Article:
Casa del Atrio by Fran Silvestre Arquitectos

Cross section 2 - click above for larger image

Casa del Atrio by Fran Silvestre Arquitectos

Long section 2 - click above for larger image

  • mike the cat

    Isn’t it funny, that a couple needs two bathrooms but sleeps in the same bed?

    Great building by the way… ;-)

  • Don

    Hehehe for some creators (including the one I’m working for) the more bathrooms the better. In their opinion it equals luxury. Who cares about lack of space for living in other rooms anyway. Good point with the master bedroom.

    I like the project, but cannot imagine myself living in such house.

  • Dan

    This house is clean to perfection. Beautiful architectural details. I would hate to be the cleaner though…

  • Daniel Dolan

    Great concept, beautiful architectural photos… but don’t you think they missed an opportunity here? No furniture, no color, no possessions, even the planters have no plants. Water in the pool? Doesn’t really work does it.

    D/D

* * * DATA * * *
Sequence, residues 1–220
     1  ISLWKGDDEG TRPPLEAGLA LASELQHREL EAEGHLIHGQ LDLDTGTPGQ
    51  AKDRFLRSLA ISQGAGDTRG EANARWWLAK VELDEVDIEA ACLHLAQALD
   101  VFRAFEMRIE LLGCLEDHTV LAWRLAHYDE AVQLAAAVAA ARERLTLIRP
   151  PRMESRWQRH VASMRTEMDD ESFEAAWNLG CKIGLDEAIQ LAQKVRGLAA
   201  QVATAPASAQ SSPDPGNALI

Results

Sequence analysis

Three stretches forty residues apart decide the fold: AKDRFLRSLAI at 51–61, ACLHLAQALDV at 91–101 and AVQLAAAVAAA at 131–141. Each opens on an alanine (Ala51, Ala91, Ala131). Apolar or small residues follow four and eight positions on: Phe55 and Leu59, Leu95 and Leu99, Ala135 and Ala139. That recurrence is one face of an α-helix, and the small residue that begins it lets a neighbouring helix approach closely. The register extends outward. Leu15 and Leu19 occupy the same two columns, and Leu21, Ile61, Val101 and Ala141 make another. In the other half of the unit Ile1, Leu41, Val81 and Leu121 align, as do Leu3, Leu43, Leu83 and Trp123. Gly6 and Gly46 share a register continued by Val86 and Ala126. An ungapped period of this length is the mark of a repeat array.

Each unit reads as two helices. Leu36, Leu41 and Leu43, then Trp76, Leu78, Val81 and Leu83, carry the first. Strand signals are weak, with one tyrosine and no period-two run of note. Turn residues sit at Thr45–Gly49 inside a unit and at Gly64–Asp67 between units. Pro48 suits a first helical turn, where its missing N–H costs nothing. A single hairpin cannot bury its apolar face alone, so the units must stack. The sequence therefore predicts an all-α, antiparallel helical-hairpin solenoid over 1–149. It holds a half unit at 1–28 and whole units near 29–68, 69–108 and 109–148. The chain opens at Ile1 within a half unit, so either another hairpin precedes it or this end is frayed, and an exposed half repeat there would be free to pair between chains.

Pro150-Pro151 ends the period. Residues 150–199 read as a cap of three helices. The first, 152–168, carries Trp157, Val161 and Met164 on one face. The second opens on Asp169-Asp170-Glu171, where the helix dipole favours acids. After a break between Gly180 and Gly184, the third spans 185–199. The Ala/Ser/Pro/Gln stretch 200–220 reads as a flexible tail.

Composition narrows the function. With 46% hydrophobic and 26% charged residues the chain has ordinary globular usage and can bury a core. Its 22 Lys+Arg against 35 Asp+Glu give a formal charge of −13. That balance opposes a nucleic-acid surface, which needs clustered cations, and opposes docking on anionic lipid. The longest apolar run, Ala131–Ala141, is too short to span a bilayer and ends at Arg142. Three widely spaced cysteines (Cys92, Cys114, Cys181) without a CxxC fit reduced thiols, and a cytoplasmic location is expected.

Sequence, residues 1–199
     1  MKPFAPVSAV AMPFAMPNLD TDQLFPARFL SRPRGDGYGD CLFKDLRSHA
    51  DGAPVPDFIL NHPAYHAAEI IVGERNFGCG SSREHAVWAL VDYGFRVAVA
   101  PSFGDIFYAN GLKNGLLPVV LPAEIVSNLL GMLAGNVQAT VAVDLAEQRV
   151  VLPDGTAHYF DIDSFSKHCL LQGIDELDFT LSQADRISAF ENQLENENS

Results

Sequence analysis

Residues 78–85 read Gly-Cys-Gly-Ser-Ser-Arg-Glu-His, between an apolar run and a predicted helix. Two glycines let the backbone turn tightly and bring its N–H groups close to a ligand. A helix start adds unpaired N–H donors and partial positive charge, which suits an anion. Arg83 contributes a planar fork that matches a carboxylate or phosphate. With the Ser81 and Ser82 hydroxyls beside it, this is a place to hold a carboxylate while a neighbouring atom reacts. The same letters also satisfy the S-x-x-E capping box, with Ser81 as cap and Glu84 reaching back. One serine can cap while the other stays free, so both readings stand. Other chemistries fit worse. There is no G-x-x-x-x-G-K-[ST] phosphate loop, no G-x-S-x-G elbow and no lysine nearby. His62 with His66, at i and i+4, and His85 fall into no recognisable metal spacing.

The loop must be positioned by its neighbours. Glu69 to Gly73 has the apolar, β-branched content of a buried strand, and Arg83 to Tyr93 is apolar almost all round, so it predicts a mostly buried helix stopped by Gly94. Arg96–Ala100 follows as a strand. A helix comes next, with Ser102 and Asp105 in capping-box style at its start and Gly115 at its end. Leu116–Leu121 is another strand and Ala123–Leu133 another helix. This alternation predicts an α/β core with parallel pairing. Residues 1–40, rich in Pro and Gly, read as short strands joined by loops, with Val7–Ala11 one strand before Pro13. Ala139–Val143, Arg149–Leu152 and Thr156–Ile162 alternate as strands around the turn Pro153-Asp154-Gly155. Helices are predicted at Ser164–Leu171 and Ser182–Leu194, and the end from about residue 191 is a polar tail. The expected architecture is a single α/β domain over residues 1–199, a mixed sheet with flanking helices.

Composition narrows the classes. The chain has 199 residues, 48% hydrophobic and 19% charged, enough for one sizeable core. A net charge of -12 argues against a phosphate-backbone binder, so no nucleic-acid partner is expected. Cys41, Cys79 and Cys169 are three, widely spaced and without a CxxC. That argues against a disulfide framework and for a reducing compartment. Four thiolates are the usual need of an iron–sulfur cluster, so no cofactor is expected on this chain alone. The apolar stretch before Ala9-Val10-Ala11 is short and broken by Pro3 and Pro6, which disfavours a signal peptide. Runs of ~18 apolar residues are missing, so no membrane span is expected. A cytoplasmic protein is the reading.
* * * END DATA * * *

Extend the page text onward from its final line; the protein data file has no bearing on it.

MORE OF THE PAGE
Chicago

  • http://tony-fromhere.blogspot.fr Tony Harding

    It’s very difficult to assess such a building when at root a house is a space for living in and the images presented ignore so completely that element.

    It looks very beautiful but then again would the objects of the everyday world so interfere or negate its purity as to render it merely an architectural vanity?

  • Pyotor

    Mies would approve! All it needs is a set of Barcelona chairs/ottomans/tables.

    Owners, please go to your quarters downstairs. The Pavilion will open to the public in 5 minutes…

  • Ray

    Why criticize the house for lack of furniture? Occupants can bring these things to the environment. I love this house. I imagine the neutrality could be furnished in many ways. Sublime detailing.

  • for anonimous

    A place that does not say anythig about the people that live there.

  • Monique

    The choice of pictures say it all: not one person in the house, as if it could disturb. The architects seem to forget the essential goal of architecture: giving the plus value to the space, made for human beings!

  • jason

    It is perfect.

  • Chris

    Modernism went wrong when it expected humans to sympathise with their surroundings; we're inherently too selfish to change.